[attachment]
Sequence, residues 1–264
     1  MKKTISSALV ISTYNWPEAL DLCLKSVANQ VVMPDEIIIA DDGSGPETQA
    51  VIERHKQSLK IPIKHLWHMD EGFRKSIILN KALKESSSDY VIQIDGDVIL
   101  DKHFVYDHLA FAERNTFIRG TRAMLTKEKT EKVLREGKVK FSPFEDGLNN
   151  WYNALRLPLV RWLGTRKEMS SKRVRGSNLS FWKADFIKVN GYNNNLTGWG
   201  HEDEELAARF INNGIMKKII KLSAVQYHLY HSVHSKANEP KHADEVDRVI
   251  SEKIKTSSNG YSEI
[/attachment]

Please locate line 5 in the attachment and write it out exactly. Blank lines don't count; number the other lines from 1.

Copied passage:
   151  WYNALRLPLV RWLGTRKEMS SKRVRGSNLS FWKADFIKVN GYNNNLTGWG